CMS has released the 2016 Medicare Advantage (MA) and Part D Rate Announcement and Call Letter. According to a CMS fact sheet, the final policies increase Medicare Advantage rates by 1.25% (compared to an earlier forecast of a 0.95% reduction), although considering coding trends the agency expects revenues to increase by 3.25%. In addition, CMS also, among other things, finalized proposed updates to the Part D risk adjustment model, required more public information on preferred cost sharing pharmacies, addressed plan requirements to maintain accurate provider directories, and discussed promoting valued-based payment models among health plans.
CMS has published a final rule revising Medicare Advantage (MA) and Part D prescription drug benefit regulations for CY 2016. Among other things, the final rule:
- Implements a statutory provision requiring MA and Part D contracts to provide the right to “timely”’ inspection and audit and allowing CMS to require MA organizations or Part D prescription drug plan (PDP) sponsors to hire an independent auditor to validate correction of CMS audit findings.
- Establishes U.S. citizenship and lawful presence as an eligibility requirement for enrollment in MA and Part D plans (effective June 1, 2015).
- Makes several policy changes intended to promote efficient dispensing of drugs in long-term care (LTC) facilities, including prohibiting payment arrangements that penalize the adoption of more efficient LTC dispensing techniques by prorating dispensing fees based on days’ supply or quantity dispensed, and requiring that any difference in payment methodology among LTC pharmacies incentivizes more efficient dispensing techniques.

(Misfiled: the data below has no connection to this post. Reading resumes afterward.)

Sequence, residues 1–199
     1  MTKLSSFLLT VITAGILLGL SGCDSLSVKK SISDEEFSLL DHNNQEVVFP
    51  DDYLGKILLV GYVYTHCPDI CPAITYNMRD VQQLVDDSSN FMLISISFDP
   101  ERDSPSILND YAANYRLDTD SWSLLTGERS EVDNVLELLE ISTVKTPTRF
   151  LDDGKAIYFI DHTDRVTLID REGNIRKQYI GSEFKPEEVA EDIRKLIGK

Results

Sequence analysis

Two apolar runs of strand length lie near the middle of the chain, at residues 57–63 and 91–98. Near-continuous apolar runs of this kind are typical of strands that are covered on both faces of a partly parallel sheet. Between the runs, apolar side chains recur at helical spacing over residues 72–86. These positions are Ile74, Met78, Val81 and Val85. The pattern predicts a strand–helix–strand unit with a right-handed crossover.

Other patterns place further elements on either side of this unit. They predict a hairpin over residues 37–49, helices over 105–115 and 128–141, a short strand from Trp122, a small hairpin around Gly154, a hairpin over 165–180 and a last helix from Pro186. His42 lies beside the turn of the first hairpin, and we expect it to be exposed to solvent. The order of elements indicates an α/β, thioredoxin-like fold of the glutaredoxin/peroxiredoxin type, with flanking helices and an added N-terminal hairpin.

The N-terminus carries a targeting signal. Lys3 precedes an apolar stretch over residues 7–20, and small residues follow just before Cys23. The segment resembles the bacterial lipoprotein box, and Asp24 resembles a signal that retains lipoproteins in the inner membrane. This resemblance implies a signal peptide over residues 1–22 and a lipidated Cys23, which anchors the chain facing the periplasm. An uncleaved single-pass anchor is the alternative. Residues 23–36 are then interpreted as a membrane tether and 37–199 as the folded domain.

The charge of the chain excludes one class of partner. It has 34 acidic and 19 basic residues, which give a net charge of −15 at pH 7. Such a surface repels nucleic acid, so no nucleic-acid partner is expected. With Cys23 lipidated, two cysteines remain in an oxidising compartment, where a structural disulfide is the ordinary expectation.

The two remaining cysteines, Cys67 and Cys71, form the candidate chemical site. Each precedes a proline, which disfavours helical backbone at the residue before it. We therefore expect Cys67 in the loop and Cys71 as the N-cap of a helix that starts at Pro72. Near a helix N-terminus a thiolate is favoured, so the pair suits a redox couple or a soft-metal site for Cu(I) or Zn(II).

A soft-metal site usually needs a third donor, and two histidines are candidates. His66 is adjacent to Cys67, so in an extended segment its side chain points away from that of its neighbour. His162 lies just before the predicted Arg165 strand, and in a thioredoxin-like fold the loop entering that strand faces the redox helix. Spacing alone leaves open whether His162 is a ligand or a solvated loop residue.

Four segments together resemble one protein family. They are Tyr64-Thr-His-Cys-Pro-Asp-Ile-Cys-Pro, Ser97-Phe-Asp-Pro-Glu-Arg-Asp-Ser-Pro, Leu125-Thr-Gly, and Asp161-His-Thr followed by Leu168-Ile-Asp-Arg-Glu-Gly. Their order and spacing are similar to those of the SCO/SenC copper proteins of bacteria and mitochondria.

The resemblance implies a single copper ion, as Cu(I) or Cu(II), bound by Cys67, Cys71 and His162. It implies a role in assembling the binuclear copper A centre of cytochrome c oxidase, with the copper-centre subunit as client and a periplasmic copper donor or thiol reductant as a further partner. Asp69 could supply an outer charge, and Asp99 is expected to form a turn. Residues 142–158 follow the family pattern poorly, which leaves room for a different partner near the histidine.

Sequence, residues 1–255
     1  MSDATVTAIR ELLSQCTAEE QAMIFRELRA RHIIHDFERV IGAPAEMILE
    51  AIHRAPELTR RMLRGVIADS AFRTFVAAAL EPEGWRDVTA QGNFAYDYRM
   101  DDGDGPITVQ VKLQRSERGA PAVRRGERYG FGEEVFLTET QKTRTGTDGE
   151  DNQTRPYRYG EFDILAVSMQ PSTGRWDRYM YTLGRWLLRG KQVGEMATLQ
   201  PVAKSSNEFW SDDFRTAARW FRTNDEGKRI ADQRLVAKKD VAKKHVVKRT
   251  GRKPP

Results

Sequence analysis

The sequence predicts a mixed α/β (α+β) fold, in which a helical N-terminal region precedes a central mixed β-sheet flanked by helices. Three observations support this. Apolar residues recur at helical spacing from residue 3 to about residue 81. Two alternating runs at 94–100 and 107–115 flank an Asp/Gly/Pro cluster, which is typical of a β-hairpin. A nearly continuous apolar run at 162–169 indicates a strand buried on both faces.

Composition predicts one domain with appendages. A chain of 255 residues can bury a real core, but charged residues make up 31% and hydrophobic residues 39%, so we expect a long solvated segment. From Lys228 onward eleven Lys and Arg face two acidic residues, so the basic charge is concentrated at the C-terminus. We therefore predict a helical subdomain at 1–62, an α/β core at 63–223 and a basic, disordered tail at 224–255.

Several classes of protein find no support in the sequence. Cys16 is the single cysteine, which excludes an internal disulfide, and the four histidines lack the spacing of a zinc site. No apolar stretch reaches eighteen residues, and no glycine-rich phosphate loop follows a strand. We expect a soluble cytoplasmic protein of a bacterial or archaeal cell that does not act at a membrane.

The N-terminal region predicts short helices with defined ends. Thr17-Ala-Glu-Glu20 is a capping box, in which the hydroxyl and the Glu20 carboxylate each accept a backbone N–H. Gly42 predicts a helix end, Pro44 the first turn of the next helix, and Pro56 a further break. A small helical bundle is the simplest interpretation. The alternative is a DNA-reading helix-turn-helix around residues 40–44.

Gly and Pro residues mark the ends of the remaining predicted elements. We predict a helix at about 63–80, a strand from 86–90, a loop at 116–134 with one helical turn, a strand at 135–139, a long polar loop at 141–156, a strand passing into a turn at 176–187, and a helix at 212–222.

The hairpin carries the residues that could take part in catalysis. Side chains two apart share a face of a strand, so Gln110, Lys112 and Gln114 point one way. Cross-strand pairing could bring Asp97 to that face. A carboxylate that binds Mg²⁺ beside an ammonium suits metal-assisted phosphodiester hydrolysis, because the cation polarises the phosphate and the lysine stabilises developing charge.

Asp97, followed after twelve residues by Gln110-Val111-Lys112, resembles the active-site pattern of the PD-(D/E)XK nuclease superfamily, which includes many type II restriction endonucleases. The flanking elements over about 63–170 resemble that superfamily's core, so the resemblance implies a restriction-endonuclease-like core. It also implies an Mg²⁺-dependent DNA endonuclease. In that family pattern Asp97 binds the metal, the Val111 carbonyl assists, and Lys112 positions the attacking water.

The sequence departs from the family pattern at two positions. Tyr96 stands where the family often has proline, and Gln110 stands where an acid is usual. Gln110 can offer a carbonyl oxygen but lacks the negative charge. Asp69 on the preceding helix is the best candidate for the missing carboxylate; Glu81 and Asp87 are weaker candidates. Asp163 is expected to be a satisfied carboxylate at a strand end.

- Requires MA Prescription Drug (MA-PD) plans to establish and maintain a process with network pharmacies to ensure timely and accurate point-of-sale transactions and coordinate Part A, Part B, and Part D drug benefits administered by the MA PD plan.
- Requires a sponsor’s Pharmacy & Therapeutics committee to document its process for an objective party to determine whether disclosed financial interests are conflicts of interest and management of any recusals due to conflicts.
Other provisions of the rule address, among other things, business continuity for MA organizations and PDP sponsors; codification of recent quality improvement program policies; and notification requirements related to changes to Part D plans. CMS is not finalizing a number of proposals included in the January 2014 proposed rule, including provisions that would have: lifted the protected class designation on three drug classes; required Medicare Part D sponsors to include in preferred networks any pharmacy willing to accept the sponsor’s terms and conditions; reduced the number of Part D plans a sponsor may offer; and codified CMS interpretation of the Part D non-interference clause.
The Government Accountability Office (GAO) has released its latest update to its “High-Risk Series” reports, which again lists Medicare as a high-risk program, in part because of the program’s substantial size and scope, and its wide-ranging effects on beneficiaries, the health care industry, and the U.S. economy. The latest report highlights five areas of particular concern to the GAO:
- Payments and provider incentives in original Medicare (specifically referencing physician feedback reports, physician self-referral policy, high-expenditure Part B drugs, end stage renal disease (ESRD) bundled payments, and low-volume payment adjustments for dialysis facilities);
- Medicare Advantage (MA) and other Medicare health plans (including concerns about MA plan payment adjustments and excess payments to Special Needs Plans);
- Program design effects on beneficiaries (addressing coordination for dual-eligible beneficiaries, dual-eligible special needs plans, and access to preventive services);